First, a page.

Two major organizations of infectious disease experts warned the public against hoarding oseltamivir (Tamiflu). "The threat of a pandemic to the American people is so low right now that it simply doesn't justify personal stockpiles of antivirals," said Leonard Mermel, president of the Society for Healthcare Epidemiology of America (SHEA). "We need this drug to treat sick people who will suffer from human strains of flu this winter." The statement follows recent reports of people trying to stockpile the drug for protection in case a flu pandemic erupts. Governments are stockpiling oseltamivir, but supplies are limited and production is slow. Recently Roche suspended shipments of the drug to US pharmacies in an effort to prevent hoarding and save supplies for those who will need it for seasonal flu. IDSA and SHEA said, "Personal stockpiling would likely lead to inappropriate use and wastage, as well as foster antiviral drug resistance emergence under some circumstances." The groups suggested that healthcare facilities consider building a rotating stockpile containing about 5 times as much oseltamivir and zanamivir as they need in an average flu season. US officials say they currently have a stockpile of about 2.3 million treatment courses of oseltamivir and expect to have about 2 million more by the end of this year. The government's current goal is to have enough to treat 20 million people, which is less than 10% of the population. The IDSA advocates storing up enough to treat 25% to 40% of the population.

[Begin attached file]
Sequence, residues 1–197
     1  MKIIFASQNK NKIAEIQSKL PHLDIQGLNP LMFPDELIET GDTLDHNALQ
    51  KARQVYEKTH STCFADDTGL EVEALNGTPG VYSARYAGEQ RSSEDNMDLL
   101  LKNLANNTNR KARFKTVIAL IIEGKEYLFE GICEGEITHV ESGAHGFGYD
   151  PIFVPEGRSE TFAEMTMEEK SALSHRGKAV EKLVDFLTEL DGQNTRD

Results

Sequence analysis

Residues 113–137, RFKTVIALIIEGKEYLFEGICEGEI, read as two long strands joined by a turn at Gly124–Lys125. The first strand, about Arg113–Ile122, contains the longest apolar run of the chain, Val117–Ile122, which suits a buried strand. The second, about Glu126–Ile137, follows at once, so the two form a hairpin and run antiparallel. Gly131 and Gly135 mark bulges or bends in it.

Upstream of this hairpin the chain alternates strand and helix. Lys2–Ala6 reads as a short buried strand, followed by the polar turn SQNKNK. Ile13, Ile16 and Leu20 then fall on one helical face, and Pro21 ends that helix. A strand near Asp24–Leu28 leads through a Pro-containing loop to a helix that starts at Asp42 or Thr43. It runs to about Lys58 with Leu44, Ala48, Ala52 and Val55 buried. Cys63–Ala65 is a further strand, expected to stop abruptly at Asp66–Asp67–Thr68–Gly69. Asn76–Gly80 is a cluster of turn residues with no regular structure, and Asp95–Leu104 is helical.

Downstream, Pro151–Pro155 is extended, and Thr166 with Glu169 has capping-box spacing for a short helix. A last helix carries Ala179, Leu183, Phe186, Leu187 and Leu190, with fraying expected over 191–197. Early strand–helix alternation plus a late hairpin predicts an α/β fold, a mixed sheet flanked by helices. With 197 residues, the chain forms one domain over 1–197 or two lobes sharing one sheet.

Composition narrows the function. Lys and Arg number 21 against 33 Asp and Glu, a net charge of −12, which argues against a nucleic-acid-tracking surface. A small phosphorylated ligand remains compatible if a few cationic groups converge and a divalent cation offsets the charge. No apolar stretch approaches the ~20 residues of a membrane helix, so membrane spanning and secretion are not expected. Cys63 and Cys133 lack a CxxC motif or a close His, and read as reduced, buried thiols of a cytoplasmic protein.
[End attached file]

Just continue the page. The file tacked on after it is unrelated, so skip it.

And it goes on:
(CIDRAP 10/31/05 http://www.cidrap.umn.edu/cidrap/content/influenza/panflu/news/oct3105tamiflu.html)
Canada (Ontario): Legionellosis at long-term care facility
3 more elderly people have died from an outbreak of Legionnaires' disease that investigators confirmed 21 Oct 2005. Health officials said droplets were distributed into the air by the cooling system on the roof of the Seven Oaks Home for the Aged in Toronto and then sucked into the ventilation system's air intake. "The bacteria causing the disease were spread through a very vulnerable population of elderly residents with tragic results," Dr. David McKeown, Toronto's medical officer of health, said. "From what we know at this point, there's no evidence that the cooling tower was not properly maintained." Health officials ordered the cooling tower shut down 6 Oct 2005 when the disease was detected. "This outbreak stands as one of the most significant events on record involving Legionnaires' disease and we will be very diligent in reviewing our work and identifying important lessons learned." A separate, independent review of the outbreak is also being conducted by Dr. David Walker, who also chaired an expert panel on Toronto's deadly SARS outbreak. Walker will evaluate the city's response to the outbreak and determine whether lessons learned from the 2003 SARS outbreak were applied. So far, 20 people--all of whom were elderly--have died as a result of the outbreak. There have been 127 cases of disease, including 67 residents, 30 staff and 26 visitors. Another 4 people who live or work in close proximity to the facility have also contracted the disease, likely infected by droplets that escaped the building through the cooling tower.